Aug 30, 2022 • 22 min read

The power of the monorepo: Keep your fullstack app in sync!

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François Wouts
Developer Happiness Engineer

It's more and more common nowadays to use JavaScript (or better yet TypeScript) for both your frontend and your backend. Pick any random company and I'd bet you'll see a React or Vue frontend making HTTP calls to a NodeJS backend, often using a REST-like JSON API.

APIs can be quite complex, often leading to implementation errors. How can you make sure the frontend and backend always integrate well with each other? Let's dive into an example codebase and walk through a few iterations to see how we can solve this, what new problems arise along the way, and how we can ultimately solve them with a monorepo.

A simple server/client relationship

Consider a team working on a React frontend and a Node backend that exposes a REST API. They have two corresponding repos on GitHub: frontend and backend. This team is already well aware of the benefits of type safety, so they use TypeScript with strict settings on both codebases. They'd make @mattpocockuk proud.

When a user signs up, the frontend makes a POST request to /users with the data provided in the sign-up form. This includes their email address as well as their first name:

// frontend/signup.ts export async function onUserSignUp(formData: { email: string; firstName: string; }) { const data = await fetch(`${baseUrl}/users`, { method: "POST", body: JSON.stringify(formData), }).then(response => response.json()); return data.userId; }

The backend extracts the corresponding fields and stores them in the database's users table:

// backend/main.ts"/users", async (req, res) => { const email = req.body["email"]; const firstName = req.body["first_name"]; const userId = await createUser({ email, firstName }); res.json({ userId }); });

The website launches. A few weeks go by. Then a product manager comes along and asks: how come all users have the first name "undefined"?

Read the above code again and you might spot the bug: the frontend used the field "firstName" but the backend looked for "first_name". The latter will always be undefined.

In isolation, both the frontend and backend are working perfectly. Unfortunately, a simple typo breaks their integration. This is an easy fix, and we could improve the situation with careful input validation on the backend, but how could we have prevented this from happening in the first place?

Types to the rescue

We can leverage TypeScript to eliminate this type of problem. Let's start by defining API request and response types explicitly in our backend:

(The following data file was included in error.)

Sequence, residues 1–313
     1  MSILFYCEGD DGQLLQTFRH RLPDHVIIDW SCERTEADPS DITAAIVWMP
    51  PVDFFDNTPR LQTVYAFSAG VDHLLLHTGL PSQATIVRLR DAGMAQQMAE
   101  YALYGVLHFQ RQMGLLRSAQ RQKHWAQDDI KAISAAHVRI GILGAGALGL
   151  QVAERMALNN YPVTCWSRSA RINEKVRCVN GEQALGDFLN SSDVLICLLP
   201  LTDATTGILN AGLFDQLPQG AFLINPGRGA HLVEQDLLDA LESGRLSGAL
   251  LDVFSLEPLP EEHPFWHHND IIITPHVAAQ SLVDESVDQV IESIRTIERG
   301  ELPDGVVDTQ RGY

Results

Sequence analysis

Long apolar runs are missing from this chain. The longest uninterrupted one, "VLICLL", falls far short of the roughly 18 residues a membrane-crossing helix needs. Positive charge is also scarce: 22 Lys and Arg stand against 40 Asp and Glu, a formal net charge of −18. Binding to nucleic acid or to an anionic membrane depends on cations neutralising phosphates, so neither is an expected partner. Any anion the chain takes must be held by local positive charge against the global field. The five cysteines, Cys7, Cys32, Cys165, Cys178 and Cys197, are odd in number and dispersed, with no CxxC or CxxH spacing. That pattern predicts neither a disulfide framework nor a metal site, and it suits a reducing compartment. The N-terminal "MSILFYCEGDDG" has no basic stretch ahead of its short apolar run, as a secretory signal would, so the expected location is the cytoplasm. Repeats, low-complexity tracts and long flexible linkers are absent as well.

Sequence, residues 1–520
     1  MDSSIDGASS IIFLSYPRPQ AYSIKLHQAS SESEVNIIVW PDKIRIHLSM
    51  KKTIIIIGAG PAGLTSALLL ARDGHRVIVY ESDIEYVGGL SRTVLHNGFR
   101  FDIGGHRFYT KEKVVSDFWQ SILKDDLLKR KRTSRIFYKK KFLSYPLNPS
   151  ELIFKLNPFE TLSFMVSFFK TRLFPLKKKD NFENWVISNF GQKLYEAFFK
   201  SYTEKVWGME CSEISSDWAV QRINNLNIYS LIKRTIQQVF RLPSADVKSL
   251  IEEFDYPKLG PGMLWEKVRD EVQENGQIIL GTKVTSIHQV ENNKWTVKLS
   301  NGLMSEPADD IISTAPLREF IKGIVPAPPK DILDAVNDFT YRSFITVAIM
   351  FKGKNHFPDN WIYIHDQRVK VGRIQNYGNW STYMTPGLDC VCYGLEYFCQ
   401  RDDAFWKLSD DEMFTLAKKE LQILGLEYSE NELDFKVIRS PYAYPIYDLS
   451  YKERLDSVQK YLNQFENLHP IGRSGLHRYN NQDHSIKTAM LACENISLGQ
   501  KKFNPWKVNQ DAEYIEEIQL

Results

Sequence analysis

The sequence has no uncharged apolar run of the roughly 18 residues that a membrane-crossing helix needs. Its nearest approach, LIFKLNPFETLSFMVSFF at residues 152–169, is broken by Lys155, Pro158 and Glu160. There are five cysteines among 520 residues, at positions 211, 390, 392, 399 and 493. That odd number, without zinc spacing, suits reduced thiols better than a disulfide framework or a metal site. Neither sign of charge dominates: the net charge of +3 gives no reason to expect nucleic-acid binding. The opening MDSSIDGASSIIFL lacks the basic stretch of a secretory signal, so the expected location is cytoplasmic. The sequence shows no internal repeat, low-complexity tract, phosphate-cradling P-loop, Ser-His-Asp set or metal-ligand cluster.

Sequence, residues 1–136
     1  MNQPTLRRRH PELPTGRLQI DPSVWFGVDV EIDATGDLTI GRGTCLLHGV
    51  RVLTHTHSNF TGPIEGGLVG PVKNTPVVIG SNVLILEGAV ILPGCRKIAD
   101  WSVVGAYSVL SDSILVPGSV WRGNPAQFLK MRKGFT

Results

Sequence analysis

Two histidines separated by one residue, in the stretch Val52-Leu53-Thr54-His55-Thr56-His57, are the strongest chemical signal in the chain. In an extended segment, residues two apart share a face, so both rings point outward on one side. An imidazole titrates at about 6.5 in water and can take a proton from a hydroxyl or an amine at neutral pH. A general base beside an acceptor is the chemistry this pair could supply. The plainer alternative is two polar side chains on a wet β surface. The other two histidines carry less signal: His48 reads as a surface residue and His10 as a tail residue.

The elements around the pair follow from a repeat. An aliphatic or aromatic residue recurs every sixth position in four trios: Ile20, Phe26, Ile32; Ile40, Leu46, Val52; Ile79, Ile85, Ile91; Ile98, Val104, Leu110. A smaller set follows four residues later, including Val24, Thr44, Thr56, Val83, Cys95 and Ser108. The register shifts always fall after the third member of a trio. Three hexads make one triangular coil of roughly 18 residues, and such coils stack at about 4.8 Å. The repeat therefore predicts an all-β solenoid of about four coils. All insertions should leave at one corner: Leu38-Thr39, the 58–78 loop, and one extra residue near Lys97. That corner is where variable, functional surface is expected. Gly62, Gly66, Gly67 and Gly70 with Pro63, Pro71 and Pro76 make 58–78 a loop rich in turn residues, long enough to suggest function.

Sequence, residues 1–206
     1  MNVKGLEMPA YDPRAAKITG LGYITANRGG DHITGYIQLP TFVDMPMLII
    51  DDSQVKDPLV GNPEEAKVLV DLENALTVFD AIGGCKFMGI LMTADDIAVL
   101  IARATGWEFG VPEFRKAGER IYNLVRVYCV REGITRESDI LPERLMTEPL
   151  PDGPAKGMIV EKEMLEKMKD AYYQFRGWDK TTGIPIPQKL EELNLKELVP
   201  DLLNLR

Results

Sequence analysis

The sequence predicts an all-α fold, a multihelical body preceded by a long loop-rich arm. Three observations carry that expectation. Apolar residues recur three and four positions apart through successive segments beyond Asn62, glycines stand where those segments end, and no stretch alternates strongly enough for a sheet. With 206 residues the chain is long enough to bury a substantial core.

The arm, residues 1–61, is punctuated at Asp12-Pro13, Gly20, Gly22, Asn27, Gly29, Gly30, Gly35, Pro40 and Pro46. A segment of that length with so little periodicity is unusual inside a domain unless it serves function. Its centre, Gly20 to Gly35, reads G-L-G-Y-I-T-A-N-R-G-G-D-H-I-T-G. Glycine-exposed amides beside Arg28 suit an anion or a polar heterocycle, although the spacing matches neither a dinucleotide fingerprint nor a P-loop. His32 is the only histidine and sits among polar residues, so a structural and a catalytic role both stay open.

// backend/api.ts export type CreateUserRequest = { email: string; firstName: string; }; export type CreateUserResponse = { userId: string; };

We can use these types in our Express endpoint definition to benefit from type safety:

// backend/main.ts import type { CreateUserRequest, CreateUserResponse } from './api'; // Note the additional type annotations here. The rest of the code is unchanged. < {}, CreateUserResponse, CreateUserRequest > ("/users", async (req, res) => { const email = req.body["email"]; // ❌ This is now a TypeScript error! // Property 'first_name' does not exist on type 'CreateUserRequest'. Did you mean 'firstName'? const firstName = req.body["first_name"]; const userId = await createUser({ email, firstName }); res.json({ userId }); });

Now, we can fix the backend bug and proceed to the next step.

To ensure full-stack type safety, let's copy-paste api.ts in our frontend code and use the same types to call the endpoint:

// frontend/api.ts export type CreateUserRequest = { email: string; firstName: string; }; export type CreateUserResponse = { userId: string; };

We can start using these types in our API calling code:

// frontend/signup.ts import type { CreateUserRequest, CreateUserResponse } from './api'; import { fetchJson } from './helpers/fetch-json'; export async function onUserSignUp(formData: { email: string; firstName ? : string; }) { const data = await fetchJson < CreateUserResponse, CreateUserRequest > (`${baseUrl}/users`, { method: "POST", body: formData, }); return data.userId; }

You'll notice we're not calling fetch() anymore, but our own fetchJson() helper. It's a lot like fetch(), but it lets us provide a request and response type. Here is a sample implementation: